For one state, the nation’s dismal maternity leave policies just got a lot better: On Thursday, the New York state legislature announced a deal mandating employees receive 12 weeks of paid family leave to care for a new child or sick family member.
The paid leave will be ushered in gradually starting in 2018: That year, workers will be offered eight weeks of paid leave at 50 percent of their average pay. The mandated leave will reach 12 weeks by 2021, and will be capped at about $848 per week. The leave applies to workers regardless of gender; two parents (or caretakers) of any sex could feasibly trade off leave periods.
“This program will be funded entirely through a nominal payroll deduction on employees so it costs businesses—both big and small—nothing,” said New York Gov. Andrew Cuomo upon announcing the budget deal Thursday, which also included raising the state minimum wage to $15 an hour.
New York joins just four other states in the U.S. that offer paid family leave: Rhode Island, New Jersey, Rhode Island, and California all passed similar laws between 2002–2014. In the other 46 states, there is no paid leave for mothers giving birth, fathers caring for children, or family members taking care of sick or dying loved ones.
Despite the existence of the federal Family and Medical Leave Act (FMLA), which mandates unpaid leave for some employees that fall within a stringent set of classifications, the majority of U.S. workers have no realistic option for family leave. The U.S. lags behind nearly every country in the world—including almost all African, Middle Eastern, and South American nations—all of which offer extensive paid leave in addition to extra unpaid leave options.
That’s why, here in America, many have no other option but to set up a crowdfunding page to cover their lost wages when caring for a newborn or loved one, and hope for the best.
No, this is not an April Fool’s Day joke. Thousands of parents-to-be are crowdfunding their family leave on websites like GoFundMe and YouCaring because they have to choose between having a baby and getting their paycheck.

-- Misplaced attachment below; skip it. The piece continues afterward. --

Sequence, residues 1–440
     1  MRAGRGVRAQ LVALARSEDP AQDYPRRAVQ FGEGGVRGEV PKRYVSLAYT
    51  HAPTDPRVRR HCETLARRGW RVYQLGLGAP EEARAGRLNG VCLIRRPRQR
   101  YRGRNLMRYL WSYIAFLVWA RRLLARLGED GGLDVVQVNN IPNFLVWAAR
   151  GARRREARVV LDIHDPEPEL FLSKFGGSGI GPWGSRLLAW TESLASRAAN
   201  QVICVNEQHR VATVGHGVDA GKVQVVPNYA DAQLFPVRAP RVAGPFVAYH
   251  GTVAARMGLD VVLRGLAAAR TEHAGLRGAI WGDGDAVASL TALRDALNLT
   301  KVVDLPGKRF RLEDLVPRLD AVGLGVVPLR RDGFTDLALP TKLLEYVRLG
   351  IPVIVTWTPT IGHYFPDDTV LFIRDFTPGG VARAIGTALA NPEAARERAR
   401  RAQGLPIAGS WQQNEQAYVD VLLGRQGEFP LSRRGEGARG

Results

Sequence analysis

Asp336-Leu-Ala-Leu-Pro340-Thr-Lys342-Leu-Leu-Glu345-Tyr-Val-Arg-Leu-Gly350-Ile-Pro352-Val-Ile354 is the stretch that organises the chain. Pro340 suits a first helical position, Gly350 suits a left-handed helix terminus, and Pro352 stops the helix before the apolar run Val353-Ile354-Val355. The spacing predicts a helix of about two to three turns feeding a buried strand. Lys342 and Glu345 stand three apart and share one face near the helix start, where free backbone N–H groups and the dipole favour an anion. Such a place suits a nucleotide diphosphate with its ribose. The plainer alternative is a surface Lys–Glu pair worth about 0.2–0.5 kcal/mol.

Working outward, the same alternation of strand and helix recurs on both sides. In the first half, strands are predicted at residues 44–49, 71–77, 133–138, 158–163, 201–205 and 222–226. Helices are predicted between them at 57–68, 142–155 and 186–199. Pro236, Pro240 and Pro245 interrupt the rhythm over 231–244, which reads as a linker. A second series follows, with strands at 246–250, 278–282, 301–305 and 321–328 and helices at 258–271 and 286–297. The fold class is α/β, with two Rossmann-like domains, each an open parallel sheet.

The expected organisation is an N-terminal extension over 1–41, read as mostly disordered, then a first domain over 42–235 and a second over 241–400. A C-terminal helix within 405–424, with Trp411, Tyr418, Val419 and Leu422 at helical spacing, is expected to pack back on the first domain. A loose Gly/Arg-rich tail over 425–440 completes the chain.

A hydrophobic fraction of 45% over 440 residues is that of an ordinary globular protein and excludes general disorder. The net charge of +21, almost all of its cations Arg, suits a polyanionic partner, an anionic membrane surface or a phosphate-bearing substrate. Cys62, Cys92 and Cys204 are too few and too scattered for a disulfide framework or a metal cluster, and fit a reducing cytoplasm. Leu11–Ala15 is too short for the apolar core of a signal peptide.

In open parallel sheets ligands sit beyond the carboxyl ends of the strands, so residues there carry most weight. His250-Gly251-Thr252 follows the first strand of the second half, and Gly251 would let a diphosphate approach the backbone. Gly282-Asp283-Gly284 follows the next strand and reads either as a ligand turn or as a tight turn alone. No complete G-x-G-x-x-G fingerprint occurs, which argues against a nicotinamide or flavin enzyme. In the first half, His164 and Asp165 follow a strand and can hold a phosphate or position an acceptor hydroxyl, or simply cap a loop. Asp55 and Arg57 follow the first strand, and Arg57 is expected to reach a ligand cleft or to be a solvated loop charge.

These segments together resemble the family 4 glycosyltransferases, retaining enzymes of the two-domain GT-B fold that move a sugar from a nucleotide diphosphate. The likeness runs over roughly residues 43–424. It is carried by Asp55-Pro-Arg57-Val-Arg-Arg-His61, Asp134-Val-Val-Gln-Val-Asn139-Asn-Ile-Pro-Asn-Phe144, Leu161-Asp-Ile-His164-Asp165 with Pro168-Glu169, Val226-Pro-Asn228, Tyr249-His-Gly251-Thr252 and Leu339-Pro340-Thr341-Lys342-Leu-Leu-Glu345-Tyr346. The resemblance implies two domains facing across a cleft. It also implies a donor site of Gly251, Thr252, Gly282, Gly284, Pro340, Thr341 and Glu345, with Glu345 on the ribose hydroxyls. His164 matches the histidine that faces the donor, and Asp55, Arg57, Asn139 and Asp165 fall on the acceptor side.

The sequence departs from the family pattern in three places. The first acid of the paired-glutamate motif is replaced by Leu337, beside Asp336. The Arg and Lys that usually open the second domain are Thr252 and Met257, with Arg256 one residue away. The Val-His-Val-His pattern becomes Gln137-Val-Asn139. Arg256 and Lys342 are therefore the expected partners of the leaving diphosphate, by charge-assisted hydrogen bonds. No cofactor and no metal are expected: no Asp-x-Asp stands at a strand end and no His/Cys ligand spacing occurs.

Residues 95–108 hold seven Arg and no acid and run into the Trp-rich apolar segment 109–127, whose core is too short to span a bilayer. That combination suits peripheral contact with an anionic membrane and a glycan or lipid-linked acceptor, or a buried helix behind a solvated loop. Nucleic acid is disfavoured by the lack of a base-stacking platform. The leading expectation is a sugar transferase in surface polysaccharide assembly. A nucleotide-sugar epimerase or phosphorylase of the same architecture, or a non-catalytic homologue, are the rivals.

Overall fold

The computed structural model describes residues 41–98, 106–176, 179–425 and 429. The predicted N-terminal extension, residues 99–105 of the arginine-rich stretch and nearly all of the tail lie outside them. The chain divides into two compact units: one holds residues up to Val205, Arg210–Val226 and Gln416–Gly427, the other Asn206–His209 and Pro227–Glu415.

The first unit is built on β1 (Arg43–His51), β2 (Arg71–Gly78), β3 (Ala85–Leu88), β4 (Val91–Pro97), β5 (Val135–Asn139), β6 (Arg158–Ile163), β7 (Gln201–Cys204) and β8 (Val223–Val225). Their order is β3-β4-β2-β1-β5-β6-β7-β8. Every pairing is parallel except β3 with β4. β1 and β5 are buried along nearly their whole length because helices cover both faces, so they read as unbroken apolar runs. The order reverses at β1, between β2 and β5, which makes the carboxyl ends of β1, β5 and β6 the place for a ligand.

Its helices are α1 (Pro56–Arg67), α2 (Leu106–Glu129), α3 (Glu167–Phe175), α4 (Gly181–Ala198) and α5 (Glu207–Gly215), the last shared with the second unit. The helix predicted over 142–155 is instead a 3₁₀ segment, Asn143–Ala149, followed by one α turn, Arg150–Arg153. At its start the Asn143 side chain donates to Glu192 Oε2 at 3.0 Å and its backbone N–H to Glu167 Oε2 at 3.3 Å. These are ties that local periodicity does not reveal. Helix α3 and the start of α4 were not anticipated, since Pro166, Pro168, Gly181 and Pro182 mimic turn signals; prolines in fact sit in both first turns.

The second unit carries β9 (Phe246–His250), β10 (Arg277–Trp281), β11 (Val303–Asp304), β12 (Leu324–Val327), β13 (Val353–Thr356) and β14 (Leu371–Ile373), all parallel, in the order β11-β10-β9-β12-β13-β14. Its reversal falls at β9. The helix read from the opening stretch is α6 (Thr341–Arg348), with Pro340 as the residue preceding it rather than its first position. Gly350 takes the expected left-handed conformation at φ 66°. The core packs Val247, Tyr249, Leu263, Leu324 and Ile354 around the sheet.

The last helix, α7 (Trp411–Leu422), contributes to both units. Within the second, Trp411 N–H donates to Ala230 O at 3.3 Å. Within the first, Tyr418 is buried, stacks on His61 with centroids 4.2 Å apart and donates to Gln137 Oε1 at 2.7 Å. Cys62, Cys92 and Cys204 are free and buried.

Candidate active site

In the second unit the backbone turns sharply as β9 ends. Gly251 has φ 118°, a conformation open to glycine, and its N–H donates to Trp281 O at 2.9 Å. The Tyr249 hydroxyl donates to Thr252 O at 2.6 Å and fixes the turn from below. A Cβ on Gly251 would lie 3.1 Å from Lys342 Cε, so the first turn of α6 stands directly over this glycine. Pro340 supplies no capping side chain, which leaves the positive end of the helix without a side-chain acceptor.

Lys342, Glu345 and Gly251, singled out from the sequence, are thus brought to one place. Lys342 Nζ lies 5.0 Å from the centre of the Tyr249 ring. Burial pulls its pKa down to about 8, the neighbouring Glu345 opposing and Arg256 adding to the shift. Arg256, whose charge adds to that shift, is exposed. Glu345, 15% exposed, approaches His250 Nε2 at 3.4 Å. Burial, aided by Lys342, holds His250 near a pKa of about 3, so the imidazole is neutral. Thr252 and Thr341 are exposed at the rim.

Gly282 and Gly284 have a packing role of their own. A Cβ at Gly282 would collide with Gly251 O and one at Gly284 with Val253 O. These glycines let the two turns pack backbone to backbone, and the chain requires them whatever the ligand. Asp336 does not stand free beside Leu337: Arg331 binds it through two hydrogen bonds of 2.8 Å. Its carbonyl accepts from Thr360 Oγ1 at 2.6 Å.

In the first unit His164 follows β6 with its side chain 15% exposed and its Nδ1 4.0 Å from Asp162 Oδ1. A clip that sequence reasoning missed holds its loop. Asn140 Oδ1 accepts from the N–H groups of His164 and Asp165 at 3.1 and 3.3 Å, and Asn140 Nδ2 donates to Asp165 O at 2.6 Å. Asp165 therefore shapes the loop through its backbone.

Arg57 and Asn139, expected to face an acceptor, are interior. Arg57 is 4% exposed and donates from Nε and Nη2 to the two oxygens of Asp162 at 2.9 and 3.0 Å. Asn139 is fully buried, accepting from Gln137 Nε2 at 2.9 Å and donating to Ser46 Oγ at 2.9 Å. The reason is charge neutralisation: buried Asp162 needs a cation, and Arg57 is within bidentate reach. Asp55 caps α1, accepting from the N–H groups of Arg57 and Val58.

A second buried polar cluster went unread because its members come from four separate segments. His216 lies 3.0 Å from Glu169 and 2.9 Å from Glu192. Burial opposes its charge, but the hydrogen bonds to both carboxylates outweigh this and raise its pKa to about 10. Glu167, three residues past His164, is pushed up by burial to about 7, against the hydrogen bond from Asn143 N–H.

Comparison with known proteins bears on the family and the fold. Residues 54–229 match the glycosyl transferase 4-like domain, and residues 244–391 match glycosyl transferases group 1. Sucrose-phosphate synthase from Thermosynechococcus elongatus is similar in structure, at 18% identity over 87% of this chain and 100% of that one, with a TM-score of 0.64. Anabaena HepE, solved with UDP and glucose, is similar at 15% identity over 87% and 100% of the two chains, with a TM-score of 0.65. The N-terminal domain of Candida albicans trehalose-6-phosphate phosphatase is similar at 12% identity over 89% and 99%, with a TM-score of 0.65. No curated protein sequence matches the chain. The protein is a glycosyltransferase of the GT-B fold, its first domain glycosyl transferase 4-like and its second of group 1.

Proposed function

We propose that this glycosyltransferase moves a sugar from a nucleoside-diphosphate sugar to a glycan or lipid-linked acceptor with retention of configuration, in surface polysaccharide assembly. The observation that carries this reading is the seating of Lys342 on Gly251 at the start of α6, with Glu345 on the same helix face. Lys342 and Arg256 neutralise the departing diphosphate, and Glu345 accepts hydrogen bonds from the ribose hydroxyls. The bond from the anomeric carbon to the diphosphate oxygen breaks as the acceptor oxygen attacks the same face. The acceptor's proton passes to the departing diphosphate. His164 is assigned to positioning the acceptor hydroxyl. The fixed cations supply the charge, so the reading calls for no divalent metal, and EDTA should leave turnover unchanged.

On GoFundMe alone, there were 1,373 fundraisers for maternity leave on Friday. Many of those were titled ‘unpaid maternity leave’ in a nod to the absence of state-mandated coverage. On one fundraiser, the mom of a newly adopted baby claimed that her company purposefully deleted the 156 hours of paid time off she had carefully banked by never taking a sick day over a two-year period. Many of the fundraisers featured photos of male partners as well as pregnant women: One guy even set up a “wifes (sic) maternity leave fund” page to ask for help on behalf of his partner.
Many of the fundraisers across all of the sites that the Daily Dot examined had raised no money or very few dollars. Of the dozens of maternity leave pages on GiveForward, only one had raised more than $1,000.
Pregnant moms aren’t the only ones stuck fundraising online to care for loved ones. On GoFundMe, a search for the broader category “family leave” results in 28,753 pages. Many of the fundraisers in that category sought financial help to care for sick relatives as well as young children.
One Tennessee woman was so horrified to learn that her successful company offered no paid maternity leave, she created a campaign and a petition to raise awareness of the issue. Tara Bowlin’s #MoreforMothers campaign is currently petitioning Tennessee Gov. Bill Haslam to pass legislation enacting paid family leave—but Bowlin herself, currently nine months pregnant, will be just one of many new parents in the state struggling to make ends meet after the birth of a child.
“My state, Tennessee, is really conservative, so it’s difficult to make a lot of headway with this type of legislation,” says Bowlin. “There aren’t many representatives that support what they see as a ‘liberal’ law…This problem needs to be addressed not only in my state but in the entire nation, and that’s what #MoreforMothers is all about.”
The passage of New York’s new family leave law makes it the best state in the country in which to have a baby. New Jersey and California each only offer six weeks of paid leave; Rhode Island offers four weeks; and Washington state hasn’t actually enacted its family leave despite passing the law nearly a decade ago, in 2007. Massachusetts and Connecticut are currently mulling over bills that would mandate 12 weeks of leave—but for now, New York is the only city in the U.S. that comes even close to keeping up with the rest of the planet.
Illustration via Max Fleishman